(CNN) -- One of the Web's basic tenets is that small contributions from lots of people can amount to something powerful in the aggregate.
Fans of the Japanese band Sour contributed images to a music video.
Now, a growing group of writers, musicians, visual artists and videographers is turning this Wikipedia-era philosophy into online collaborative art.
Twitter users are banding together to write an opera for London's Royal Opera House. Bands like My Morning Jacket and Sour, out of Japan, are turning to fans to help film their music videos. Programmers are pulling quotes from online social networks to make automated poems.
This crowd-sourced creativity online is putting a new twist on traditional ideas of artistic ownership, online communication and art production.
"What's exciting is that it's being tested out by a lot of people who have access to [the technology]," said Mary Jane Jacob, executive director of exhibitions at the School of the Art Institute of Chicago. "I think that we're in a great communal workshop."
In recent months, the collaborative projects have been showing the professionalism it takes to get noticed amid the clutter of content on the Internet, said Ze Frank, an online personality who orchestrated several early online art projects. Sign up for a CNN art project
Frank said people have been making collaborative online art "since the beginning of the Web." But much of it wasn't worth looking at.
Some collaborative books proved to be too much work for even herds of people to tackle. Efforts to create massive drawings with thousands of contributors sometimes ended up looking like random scribbles, for example.
But for some reason -- either because people are getting savvier with cameras or because the projects are getting more visibility -- things are starting to click, Frank said.
Even if some of the latest collaborative efforts fail to produce masterworks, the real value is the process, he said.
"Even if the [Twitter-written] opera ends up sucking as a performance, the value may have already been played out in the theater of the creation of it," he said.
Many of the projects aim to hit on universal themes.
"The little elements that aren't synchronized" in the group art projects remind people that our differences are what make us interesting, said Matt Maloney, associate dean of the school of film and digital media at the Savannah College of Art and Design, referring to this music video, which features fans of the Japanese band Sour.
"The backgrounds change, the people move differently, the quality and temperature of the photography varies from component to component," he said. "If that phenomenon didn't exist, if we were all the same and we were all uniform, this type of collaboration" would not be powerful.
Jacob, of the Art Institute of Chicago, said the projects speak to how people yearn to communicate and to be heard in these hyperconnected, digital times.
"It lets you ... meet other people," she said. "We're not talking eHarmony, but all these things, they're interesting and they are of the moment. When people want to use [communication technologies] in a creative way, that's really exciting."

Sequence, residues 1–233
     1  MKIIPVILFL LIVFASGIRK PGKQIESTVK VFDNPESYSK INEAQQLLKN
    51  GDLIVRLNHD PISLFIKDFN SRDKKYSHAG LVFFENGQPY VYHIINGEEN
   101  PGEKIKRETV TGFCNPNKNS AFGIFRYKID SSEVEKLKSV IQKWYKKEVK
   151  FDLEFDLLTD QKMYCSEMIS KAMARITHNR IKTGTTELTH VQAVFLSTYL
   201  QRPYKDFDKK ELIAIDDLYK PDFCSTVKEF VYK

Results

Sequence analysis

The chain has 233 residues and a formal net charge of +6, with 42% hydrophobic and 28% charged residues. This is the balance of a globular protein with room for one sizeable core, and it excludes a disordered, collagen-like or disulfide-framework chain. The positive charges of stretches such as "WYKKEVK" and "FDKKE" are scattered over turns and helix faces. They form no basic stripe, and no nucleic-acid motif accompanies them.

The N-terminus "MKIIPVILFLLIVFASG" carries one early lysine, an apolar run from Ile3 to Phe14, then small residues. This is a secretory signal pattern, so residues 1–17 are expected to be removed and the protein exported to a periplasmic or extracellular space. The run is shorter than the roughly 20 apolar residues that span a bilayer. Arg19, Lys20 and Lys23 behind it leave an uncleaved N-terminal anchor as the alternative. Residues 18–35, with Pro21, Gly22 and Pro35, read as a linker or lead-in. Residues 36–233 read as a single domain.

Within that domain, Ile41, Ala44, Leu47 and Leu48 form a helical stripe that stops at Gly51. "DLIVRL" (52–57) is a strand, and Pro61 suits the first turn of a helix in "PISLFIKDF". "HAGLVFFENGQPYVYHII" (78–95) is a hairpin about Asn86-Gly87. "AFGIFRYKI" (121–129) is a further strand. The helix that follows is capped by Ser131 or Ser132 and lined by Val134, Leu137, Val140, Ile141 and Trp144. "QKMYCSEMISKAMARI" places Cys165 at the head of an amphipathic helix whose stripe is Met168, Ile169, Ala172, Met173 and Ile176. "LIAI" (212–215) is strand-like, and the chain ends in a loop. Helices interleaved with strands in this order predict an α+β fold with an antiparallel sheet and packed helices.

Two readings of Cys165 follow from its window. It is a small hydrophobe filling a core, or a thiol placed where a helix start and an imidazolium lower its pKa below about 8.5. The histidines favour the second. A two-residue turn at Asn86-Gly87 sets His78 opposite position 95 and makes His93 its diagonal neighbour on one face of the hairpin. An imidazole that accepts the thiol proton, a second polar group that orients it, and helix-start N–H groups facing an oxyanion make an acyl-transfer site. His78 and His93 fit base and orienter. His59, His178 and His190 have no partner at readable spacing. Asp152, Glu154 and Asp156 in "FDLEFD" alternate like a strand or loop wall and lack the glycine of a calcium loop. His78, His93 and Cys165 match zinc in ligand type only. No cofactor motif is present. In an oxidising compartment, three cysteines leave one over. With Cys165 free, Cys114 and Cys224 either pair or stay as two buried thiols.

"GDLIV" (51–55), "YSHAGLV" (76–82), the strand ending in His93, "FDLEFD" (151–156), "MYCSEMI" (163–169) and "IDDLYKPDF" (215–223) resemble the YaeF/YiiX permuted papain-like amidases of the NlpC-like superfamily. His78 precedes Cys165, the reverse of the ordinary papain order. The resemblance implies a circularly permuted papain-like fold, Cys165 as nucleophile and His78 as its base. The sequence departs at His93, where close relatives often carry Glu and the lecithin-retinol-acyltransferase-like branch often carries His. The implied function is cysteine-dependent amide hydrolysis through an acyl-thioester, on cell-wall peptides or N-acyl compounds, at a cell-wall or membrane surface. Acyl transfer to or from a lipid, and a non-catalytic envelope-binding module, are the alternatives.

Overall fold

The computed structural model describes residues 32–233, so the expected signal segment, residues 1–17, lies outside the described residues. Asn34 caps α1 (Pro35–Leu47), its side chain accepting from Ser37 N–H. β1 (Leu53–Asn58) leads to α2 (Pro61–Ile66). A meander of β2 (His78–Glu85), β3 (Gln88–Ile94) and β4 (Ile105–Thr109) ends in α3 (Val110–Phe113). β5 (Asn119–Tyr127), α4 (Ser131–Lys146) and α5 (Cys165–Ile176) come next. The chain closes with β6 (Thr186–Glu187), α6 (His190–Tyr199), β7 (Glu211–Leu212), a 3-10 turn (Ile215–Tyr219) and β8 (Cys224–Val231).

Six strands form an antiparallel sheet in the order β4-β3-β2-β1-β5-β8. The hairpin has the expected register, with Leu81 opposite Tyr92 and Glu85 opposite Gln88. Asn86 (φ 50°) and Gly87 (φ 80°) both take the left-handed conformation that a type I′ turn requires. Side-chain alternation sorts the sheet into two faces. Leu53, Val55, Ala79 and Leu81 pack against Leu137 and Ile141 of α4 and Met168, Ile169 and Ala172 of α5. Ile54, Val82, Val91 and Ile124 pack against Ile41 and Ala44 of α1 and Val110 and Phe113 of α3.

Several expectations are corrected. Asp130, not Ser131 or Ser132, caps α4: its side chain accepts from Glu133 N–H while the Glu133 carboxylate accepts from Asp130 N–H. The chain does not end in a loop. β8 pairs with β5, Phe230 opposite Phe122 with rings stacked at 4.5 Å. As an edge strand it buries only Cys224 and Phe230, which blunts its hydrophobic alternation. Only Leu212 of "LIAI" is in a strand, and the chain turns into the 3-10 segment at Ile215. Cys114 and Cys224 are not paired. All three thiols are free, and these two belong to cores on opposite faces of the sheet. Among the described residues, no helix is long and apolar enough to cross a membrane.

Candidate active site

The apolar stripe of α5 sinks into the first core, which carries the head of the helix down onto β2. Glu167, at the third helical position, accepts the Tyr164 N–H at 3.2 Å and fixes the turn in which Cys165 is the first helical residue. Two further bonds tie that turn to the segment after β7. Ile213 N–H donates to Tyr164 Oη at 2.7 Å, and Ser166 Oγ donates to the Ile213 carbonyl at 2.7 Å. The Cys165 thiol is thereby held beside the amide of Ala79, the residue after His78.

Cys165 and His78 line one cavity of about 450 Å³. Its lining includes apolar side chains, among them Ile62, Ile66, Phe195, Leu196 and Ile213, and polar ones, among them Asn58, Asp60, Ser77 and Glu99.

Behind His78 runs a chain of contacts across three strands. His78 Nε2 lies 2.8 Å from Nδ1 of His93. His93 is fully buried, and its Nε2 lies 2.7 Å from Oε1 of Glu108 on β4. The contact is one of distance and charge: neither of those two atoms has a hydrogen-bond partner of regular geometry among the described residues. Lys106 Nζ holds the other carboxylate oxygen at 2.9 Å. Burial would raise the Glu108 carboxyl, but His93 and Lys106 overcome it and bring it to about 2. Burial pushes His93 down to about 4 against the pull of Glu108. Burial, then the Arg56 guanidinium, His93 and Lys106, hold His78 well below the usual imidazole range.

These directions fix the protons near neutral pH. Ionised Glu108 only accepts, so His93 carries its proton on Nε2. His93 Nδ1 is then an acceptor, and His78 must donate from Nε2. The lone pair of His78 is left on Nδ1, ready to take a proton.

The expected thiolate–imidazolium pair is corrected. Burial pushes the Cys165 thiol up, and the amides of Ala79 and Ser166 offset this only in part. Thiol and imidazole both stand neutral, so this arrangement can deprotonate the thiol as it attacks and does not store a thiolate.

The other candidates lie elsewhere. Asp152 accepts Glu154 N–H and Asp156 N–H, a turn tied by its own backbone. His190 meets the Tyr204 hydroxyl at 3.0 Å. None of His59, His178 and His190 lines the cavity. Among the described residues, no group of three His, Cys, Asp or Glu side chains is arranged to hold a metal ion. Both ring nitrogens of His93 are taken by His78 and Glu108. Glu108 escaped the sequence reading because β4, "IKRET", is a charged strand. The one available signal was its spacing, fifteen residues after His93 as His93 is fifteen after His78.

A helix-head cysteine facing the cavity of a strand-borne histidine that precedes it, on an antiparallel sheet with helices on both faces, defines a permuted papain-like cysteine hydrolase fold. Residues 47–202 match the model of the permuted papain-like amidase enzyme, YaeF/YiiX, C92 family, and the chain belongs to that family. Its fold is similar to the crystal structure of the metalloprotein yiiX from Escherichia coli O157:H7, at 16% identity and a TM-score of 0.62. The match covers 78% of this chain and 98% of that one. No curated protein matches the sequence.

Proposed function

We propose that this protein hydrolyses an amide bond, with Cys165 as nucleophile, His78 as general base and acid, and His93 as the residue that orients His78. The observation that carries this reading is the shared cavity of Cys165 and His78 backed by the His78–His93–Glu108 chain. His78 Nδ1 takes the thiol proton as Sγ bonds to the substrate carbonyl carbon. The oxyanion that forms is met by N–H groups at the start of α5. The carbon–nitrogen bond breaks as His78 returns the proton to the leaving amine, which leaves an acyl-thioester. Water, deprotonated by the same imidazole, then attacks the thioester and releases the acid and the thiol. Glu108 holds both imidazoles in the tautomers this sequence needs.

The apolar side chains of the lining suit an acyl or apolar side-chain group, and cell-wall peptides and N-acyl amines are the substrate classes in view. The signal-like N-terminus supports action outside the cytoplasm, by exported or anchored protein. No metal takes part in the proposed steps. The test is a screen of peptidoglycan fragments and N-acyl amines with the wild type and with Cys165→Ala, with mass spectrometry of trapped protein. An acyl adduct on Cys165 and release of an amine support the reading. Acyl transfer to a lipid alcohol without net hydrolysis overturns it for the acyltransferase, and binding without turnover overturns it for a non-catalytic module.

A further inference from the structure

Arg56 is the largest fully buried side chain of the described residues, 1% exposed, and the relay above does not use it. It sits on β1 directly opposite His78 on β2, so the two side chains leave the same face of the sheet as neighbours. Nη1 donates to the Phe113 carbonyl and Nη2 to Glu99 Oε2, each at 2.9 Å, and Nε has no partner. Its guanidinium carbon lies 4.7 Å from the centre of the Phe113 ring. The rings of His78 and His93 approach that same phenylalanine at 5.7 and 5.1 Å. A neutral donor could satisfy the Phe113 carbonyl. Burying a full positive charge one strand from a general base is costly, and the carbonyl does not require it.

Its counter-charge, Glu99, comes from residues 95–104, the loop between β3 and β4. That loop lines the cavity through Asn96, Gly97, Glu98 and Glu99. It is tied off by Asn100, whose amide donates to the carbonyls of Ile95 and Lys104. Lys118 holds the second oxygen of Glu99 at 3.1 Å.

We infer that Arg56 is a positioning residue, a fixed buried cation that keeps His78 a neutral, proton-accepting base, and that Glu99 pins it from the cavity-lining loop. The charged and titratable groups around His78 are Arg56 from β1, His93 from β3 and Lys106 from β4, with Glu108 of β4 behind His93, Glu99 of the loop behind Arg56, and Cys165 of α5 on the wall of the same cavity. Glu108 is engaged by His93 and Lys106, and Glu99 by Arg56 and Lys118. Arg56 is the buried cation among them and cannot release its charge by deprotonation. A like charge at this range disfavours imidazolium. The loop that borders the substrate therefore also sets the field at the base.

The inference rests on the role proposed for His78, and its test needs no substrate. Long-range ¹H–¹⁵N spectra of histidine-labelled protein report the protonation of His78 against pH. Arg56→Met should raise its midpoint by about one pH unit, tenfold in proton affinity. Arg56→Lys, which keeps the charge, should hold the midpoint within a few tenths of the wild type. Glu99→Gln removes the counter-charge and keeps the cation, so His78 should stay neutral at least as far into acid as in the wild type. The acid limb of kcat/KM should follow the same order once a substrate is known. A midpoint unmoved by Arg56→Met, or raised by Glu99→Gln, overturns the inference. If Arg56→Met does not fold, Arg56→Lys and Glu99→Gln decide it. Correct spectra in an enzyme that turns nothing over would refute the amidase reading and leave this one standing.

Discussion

The online art collaborations grow out of a parlor-game tradition called "exquisite corpse," she said.
Around 1920, famous surrealist artists gathered to draw portraits in pieces. They folded up large sheets of paper so that each artist could see only the edges of what had already been drawn. The pictures made sense only after the paper was unfolded.
The online versions of this concept take the idea further because they involve people all over the world who often know nothing of each other, she said.
Visitors to the site can play the tunes in any order or combination they choose, meaning that each user in a sense becomes part of the artwork, Solomon said.
Solomon, who once played bass with Ray Charles and now writes music for TV ads, said the "In B Flat" project shows that "the world can come together and we all speak that [musical] language."
"Something about it is very hopeful," he said.
One key to the project's success, he said, is that it takes relatively little effort for musicians to send in Web-quality videos of themselves playing a short melody in a certain key.
"They're happy to start picking up a video camera and start shooting or they're happy to pick up an instrument and start playing," he said.
Solomon finds that idea so compelling that he's participated in other projects. With his two sons, ages 7 and 11, he shot three of the 15-second clips of the user-generated "Star Wars" that will be stitched together by the site Star Wars Uncut.
In some cases, people don't even know they're making contributions to online art.
Andrei Gheorghe, a Web developer in Romania, created the "Longest Poem in the World" by aggregating public Twitter posts and arranging them in rhyming couplets.
Computers add 10 to 20 lines to the poem each minute, he said.
Gheorghe said he doesn't consider his work art. "It was just a random idea that popped up and I played with it. And it is what it is," he said.
Art professors said deciding what is and isn't art is a complicated process.
In some ways, these collaborative projects are fine art, they said. In other ways they're like games or means of communication.
Like all good art, these projects are trying to "stand convention on its ear," said Maloney, from the Savannah College of Art and Design.
"That's going to keep happening," he said. "So as soon as we finally nail this down you'll have another group of talented artists that are going to say, 'Well, I'm going to do something completely different.'"
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